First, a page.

KAREN BREWSTER: Yep. BILL DEMOSKI: Three, four hundred pounds, but we used to have this big, big 14 -- I mean the sled was from about here to that end long, you know. KAREN BREWSTER: Fourteen feet? BILL DEMOSKI: It would hold 500 pound, yeah. Five hundred pounds. Uh-huh. KAREN BREWSTER: How many dogs does it take to pull a sled that long? BILL DEMOSKI: They use 16, 17 dogs. My dad used to use 21 dogs. He was 17 years old when he first carried mail and he had 21 dogs. They were trained. There were good leaders, you know. And then when they used to come to villages, you know. They used to throw a line if the dogs couldn't make it up the bank and all the kids and guys get together and pull the sled up. They get a kick out of that, you know. That was their -- yeah. ROBERT DROZDA: Bill, when you have a sled in your mind and you are going out in the woods to look for material, what do you do? What are you looking for? BILL DEMOSKI: First thing I look for a grain, you know, like see here. This is a good grain and I look at a birch. It doesn't have no knots, you know, straight and the bark is smooth, you know and you chop it with your axe and take out little piece and you split it, you know. If it split straight that's the one you want. If it split curved this way, no it is going -- it is going to warp, it is going to work all right. But later on your stuff is going to warp this way or the runners would warp as it dry, you know. ROBERT DROZDA: Are you looking for a younger birch usually or? BILL DEMOSKI: No, you could get a big birch. Look for -- you -- mostly I look for birch is in the swamps, you know, where it is moisty, you know, in the lakes, you know. ROBERT DROZDA: Uh-huh. BILL DEMOSKI: But on the hill, like back there in the hills, you know, if you birch there it is kind of crispy dry, you know. ROBERT DROZDA: Uh-huh.
BILL DEMOSKI: It breaks easy. KAREN BREWSTER: What time of year do you go look for it? BILL DEMOSKI: I can go any time I want to even now or fall time, you know, before snow, you know, yeah. Before freeze up I look for the birch. But you know this here, I use table saw to cut this out, you know. And then I use a sander, you know. Years ago, you had to use hand block and hand sand -- ROBERT DROZDA: Uh-huh.
BILL DEMOSKI: Now you just use electric -- electric stuff, you know. ROBERT DROZDA: And you're bending these bed pieces -- BILL DEMOSKI: Yeah. ROBERT DROZDA: Without steam? I see you have a little kerf in the end here. BILL DEMOSKI: You bend that same way as inside this -- this in here, you know. Sometimes -- sometimes, I put them on green, you know. Like -- I think I did this that -- I didn't build the -- I put them on green. I just dry this one and the runners. MARLA STATSCEWICH: What does - what does that mean to put it on green? BILL DEMOSKI: It -- you don't have to bend it, you know. KAREN BREWSTER: When the wood is fresh -- BILL DEMOSKI: Yeah.
KAREN BREWSTER: Right? BILL DEMOSKI: Sometimes I -- I put it on the bender, maybe one or two nights and then it's ready to go and when it has not been enough, you just get a clamp and clamp it down, you know, put this under, you know. This is the bridle this -- not actually the big -- biggest -- use bigger than this for sled, you know. You don't need that for Snowgo. Yeah. KAREN BREWSTER: Are we going to talk about the bending the brush bow and the handlebars? BILL DEMOSKI: Yeah. The brush bow like this one -- I'll take this one just for this one right here. I take -- I take this part and I form it out, you know, but I steam this one with the, you know -- you see I notice I don't laminate it. I steam it and I clamp it one with the little block in here, you know, and put the clamps here. That is what these clamps -- things are here for clamp, you know. And then I bend it over and clamp it, you know and you do the same thing with this one. You use this part. This -- this first part here, you got to use a different type, you know, it is not -- it is for the bumper, you know. It is not shaped like this. So, you do the same thing with this, you know. You get -- you get the birch, you know, and you just clamp it and -- KAREN BREWSTER: And then do you steam it or do you just let it dry? BILL DEMOSKI: Sometimes I -- this here I don't usually steam. I just put it on green and it forms pretty good. Sometimes I have a little splinter but I fixed it up, you know. KAREN BREWSTER: And how long do you leave it on the form? BILL DEMOSKI: About ten days, ten days or two weeks, yeah. Uh-huh. KAREN BREWSTER: Did you make those forms or did somebody -- BILL DEMOSKI: I did. I make all these. You know my brother-in-law is a dog musher and I make all this bow benders for him, you know, but he makes his runners out of steel. It is about four inch wide and then he heat it up and bend it and whittled it and then he used that for his racing sleds, Marvin Kokrine. He's a dog musher, you know. He raced in North American, Anchorage races, yeah. ROBERT DROZDA: We hear he is the last one still using a wooden sled? BILL DEMOSKI: Right, yeah. Yeah. ROBERT DROZDA: On -- on this one you said you did bend this, steam this though? BILL DEMOSKI: Uh-huh. Yeah, steamed that, yeah. ROBERT DROZDA: What's your steaming method? BILL DEMOSKI: Oh, I just get a tub about that long, you know, like a fish tub.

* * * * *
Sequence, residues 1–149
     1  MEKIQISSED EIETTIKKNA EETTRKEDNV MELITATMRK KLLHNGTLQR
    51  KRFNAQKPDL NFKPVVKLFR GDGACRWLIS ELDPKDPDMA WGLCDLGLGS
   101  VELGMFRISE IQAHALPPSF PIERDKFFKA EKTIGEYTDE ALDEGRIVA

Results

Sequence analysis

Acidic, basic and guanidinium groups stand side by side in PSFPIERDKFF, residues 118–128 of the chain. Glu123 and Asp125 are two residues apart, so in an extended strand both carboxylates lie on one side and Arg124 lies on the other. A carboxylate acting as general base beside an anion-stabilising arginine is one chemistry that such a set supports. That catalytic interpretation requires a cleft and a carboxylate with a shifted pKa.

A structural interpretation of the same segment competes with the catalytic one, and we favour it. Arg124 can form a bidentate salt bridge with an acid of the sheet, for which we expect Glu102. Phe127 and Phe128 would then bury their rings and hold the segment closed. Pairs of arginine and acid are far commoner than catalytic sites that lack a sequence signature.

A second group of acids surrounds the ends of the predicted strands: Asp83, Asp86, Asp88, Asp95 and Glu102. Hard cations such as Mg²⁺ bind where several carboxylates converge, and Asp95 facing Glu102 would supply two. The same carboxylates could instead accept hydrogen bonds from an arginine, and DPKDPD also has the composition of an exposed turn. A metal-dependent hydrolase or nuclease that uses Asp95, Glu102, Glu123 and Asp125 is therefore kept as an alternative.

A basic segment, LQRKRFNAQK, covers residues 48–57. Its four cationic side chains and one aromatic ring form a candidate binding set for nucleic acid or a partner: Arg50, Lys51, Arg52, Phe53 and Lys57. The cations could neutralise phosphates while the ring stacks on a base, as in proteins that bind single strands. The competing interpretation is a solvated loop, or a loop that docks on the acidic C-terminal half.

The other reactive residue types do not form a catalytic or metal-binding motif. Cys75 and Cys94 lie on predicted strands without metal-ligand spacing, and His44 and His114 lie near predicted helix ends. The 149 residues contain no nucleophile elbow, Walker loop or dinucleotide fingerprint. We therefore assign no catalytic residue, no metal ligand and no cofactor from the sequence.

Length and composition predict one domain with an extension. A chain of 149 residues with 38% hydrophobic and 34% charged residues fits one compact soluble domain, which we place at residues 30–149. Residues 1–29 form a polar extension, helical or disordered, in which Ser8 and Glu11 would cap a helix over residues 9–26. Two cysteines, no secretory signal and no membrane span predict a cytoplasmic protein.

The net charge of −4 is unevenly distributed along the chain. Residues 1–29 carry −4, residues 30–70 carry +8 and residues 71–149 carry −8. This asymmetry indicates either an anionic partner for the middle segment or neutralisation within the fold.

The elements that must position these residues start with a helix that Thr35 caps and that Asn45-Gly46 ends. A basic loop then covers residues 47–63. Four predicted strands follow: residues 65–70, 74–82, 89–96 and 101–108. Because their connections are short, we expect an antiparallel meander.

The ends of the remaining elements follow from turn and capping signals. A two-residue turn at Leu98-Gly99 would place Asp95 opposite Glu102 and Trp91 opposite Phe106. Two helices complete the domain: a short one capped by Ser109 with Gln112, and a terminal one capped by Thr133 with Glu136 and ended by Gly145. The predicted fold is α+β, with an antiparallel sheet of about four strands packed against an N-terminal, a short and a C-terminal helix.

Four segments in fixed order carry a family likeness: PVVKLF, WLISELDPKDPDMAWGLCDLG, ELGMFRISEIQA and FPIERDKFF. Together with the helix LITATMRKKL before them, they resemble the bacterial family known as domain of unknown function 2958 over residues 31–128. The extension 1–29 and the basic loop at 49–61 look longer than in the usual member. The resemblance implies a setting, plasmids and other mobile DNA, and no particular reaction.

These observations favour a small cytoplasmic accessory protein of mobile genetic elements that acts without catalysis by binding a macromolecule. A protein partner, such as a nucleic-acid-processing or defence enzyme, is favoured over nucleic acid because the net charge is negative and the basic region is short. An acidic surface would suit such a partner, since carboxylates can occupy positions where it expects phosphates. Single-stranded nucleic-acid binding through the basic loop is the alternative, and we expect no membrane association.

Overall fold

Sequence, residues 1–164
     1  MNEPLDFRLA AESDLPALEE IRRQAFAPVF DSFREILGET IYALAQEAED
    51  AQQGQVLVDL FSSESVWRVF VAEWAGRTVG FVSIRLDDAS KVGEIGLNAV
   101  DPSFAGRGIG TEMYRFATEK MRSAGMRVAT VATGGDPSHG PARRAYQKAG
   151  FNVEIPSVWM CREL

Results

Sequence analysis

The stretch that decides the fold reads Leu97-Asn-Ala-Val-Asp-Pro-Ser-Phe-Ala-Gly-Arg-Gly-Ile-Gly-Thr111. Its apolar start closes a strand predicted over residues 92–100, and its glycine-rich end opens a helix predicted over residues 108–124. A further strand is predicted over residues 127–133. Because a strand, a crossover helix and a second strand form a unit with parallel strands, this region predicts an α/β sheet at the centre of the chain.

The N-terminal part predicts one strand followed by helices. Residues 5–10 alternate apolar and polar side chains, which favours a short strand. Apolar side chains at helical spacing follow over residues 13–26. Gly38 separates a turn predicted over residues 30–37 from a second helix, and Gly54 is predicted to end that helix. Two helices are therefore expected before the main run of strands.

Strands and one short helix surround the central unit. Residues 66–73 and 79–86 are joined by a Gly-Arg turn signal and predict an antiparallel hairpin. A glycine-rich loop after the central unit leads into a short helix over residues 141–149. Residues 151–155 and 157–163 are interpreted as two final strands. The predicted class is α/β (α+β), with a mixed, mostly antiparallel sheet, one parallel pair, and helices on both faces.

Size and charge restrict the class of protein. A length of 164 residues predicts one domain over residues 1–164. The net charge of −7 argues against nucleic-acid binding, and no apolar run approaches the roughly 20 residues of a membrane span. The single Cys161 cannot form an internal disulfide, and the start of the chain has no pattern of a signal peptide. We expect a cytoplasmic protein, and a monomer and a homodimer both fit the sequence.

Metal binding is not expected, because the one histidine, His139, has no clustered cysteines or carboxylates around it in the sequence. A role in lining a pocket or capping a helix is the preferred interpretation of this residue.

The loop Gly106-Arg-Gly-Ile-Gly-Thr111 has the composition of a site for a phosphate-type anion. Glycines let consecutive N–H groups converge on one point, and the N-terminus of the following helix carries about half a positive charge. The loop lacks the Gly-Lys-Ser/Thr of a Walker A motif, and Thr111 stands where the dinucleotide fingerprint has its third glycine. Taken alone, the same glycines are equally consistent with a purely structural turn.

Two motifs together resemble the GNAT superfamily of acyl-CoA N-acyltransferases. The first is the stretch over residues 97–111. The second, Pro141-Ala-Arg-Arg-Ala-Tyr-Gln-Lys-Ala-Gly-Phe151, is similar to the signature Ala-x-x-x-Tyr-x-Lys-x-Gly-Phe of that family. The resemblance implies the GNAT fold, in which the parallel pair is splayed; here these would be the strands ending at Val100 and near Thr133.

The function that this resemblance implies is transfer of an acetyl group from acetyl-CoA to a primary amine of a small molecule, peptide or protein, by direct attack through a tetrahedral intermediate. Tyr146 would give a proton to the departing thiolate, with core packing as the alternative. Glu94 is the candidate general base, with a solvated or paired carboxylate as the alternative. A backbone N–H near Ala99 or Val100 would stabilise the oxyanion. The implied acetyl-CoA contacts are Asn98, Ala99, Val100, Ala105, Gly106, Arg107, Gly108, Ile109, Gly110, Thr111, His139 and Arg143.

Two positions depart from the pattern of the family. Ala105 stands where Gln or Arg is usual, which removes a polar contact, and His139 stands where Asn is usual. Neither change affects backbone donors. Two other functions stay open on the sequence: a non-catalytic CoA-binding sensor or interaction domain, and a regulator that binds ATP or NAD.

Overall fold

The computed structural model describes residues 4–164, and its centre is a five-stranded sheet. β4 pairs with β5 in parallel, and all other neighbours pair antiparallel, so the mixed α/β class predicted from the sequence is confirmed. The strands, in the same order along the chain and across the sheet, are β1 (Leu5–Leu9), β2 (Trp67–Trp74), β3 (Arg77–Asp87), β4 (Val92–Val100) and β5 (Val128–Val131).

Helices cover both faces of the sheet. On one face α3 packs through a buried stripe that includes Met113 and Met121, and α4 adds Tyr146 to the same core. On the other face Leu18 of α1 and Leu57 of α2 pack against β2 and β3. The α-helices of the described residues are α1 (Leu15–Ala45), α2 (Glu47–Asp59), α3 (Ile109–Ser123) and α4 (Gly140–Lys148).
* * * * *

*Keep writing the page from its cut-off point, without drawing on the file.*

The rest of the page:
ROBERT DROZDA: Uh-huh. BILL DEMOSKI: And I boil the water real -- to a boiling and wrap this up with towel or cloth, you know and pour the water over and then work it -- work it like this, you know. Do that for about ten, fifteen minutes, you know. Boil the water again and go over it. When you put it on this spinner it just go over just like that, you know. ROBERT DROZDA: Nice. BILL DEMOSKI: This one you don't have to do that because it is more easier to bend, you know, then this curve here. ROBERT DROZDA: And then on the bigger ones you laminate this? BILL DEMOSKI: Yeah.